VOL. 130 | NO. 90 | Friday, May 8, 2015
What to Do After a Big Raise
ANGELA COPELAND | Special to The Daily News
As today’s professionals are learning, the fastest way to get a big raise is to switch jobs. Often, staying at the same job will put an additional 2 to 3 percent in your pocket each year. That’s not enough to keep up with the rising costs of rent, food or much of anything.
Picture this. You’ve been working for years to get a promotion. Finally, you land it! You get much more money, an impressive title, a better office and maybe even more vacation. It’s an incredibly exciting time in your life. What should you do now?
This is a tough question that comes up every day and deserves a closer look. Because of the difficulty involved in earning more money, we often feel entitled to do something with it – something fun, something big.
A few very common choices are: buy a new car, move to a bigger house in a nicer neighborhood, schedule a lavish vacation or purchase gifts for your loved ones. After all, you’ve earned it. It’s your money. You deserve it, right?
Of course you deserve to benefit from the fruits of your labor. It’s your hard work that’s gotten you here. But, something else you deserve is security and mental freedom. One of the first mistakes people make is to overextend themselves financially.
If you’re committed to spending all of your paycheck every month and you lose your job, how hard will it be to replace that job? The more you make, the less jobs there are on the market in your price range. Almost just as bad, what if you dislike your new job, but you’ve already committed to a new lifestyle that you can only afford if you stay there? Now, you’re chained to the company in a sense. That’s not good for anyone’s state of mind.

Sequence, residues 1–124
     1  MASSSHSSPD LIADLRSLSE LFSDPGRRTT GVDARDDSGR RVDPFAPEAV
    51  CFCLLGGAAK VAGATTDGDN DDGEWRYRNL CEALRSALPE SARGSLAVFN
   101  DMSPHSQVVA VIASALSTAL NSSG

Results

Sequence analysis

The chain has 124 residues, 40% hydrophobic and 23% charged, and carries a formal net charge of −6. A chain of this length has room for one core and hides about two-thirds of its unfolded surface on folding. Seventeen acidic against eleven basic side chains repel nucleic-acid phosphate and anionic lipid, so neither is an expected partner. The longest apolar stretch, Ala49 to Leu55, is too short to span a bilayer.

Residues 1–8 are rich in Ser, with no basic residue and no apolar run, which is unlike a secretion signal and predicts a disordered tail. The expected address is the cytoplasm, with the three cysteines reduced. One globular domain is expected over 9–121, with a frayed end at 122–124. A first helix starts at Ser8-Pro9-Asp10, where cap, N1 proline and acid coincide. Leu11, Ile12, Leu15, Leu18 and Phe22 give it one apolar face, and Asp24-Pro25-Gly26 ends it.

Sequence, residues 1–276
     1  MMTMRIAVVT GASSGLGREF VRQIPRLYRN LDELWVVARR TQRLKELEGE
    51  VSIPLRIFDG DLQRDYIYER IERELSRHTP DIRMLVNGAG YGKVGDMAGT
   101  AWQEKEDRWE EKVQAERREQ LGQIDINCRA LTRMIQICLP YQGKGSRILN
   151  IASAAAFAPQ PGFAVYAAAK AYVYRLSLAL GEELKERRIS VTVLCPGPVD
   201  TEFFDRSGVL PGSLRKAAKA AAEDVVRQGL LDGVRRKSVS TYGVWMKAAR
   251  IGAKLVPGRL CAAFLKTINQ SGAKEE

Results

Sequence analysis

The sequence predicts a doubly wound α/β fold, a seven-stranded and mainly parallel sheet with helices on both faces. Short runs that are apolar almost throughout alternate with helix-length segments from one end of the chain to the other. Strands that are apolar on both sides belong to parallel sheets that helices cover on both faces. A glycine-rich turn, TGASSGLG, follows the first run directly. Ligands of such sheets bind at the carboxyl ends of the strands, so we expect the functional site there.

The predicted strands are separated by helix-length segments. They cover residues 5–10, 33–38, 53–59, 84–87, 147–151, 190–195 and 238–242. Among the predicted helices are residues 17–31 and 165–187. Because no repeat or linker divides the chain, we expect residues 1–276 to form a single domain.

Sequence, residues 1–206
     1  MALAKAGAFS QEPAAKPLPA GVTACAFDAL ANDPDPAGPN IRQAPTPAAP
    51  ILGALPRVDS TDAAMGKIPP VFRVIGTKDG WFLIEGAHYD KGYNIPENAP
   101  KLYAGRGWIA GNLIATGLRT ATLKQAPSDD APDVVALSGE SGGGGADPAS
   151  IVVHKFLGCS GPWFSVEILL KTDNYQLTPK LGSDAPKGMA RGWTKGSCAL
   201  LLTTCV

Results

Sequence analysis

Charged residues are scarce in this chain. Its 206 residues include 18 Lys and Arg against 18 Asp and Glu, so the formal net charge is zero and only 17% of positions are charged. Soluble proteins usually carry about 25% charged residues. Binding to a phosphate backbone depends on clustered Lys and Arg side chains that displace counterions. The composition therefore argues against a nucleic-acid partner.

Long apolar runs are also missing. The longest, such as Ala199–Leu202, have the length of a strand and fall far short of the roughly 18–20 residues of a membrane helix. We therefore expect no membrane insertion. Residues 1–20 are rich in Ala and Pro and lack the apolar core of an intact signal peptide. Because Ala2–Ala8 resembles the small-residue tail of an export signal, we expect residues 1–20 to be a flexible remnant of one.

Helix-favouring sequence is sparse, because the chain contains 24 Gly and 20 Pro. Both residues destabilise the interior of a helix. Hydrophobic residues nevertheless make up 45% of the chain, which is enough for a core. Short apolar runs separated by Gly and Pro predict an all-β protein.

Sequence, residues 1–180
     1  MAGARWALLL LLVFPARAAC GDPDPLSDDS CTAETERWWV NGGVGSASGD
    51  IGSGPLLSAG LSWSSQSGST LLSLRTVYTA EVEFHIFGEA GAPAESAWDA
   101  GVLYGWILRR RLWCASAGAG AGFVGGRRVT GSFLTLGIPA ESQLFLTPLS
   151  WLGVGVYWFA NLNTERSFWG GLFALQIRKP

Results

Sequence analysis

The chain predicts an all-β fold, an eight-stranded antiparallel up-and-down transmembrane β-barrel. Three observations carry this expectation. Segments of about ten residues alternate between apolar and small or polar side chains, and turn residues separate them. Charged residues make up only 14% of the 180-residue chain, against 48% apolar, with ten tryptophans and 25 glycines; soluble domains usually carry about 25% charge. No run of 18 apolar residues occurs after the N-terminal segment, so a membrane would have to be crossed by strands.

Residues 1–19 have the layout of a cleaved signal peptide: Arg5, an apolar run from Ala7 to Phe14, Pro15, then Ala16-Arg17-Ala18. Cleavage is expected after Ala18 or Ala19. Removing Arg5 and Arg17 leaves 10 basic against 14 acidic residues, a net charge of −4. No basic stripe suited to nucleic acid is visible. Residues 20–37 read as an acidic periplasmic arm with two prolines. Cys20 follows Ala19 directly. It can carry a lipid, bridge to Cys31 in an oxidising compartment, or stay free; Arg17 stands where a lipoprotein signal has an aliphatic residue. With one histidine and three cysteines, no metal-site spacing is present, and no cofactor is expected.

One of the first things you should consider is to maintain your current standard of living for at least six months. Give yourself a chance to test drive this new job. Take the extra money you’ll be making and build up your emergency fund. This is the money you can use to live if your income was to be compromised.
Once you have six months or more of an emergency fund built up, begin to grow your retirement savings and investments. If you aren’t sure where to start, try reaching out to a fee-only financial planner in your area for advice. You can find one at www.napfa.org. The National Association of Personal Financial Advisors helps their clients with their finances without muddling the waters by taking a commission on their investments. They take a fiduciary oath and subscribe to a code of ethics.
Overcommitting yourself can be both risky and emotionally taxing. When you receive your next big raise, celebrate in a meaningful but thoughtful way. Your emotional well-being and having the option to walk away from a job that doesn’t work for you is worth much more than any big house or new car.
Angela Copeland is CEO and founder of Copeland Coaching and can be reached at CopelandCoaching.com.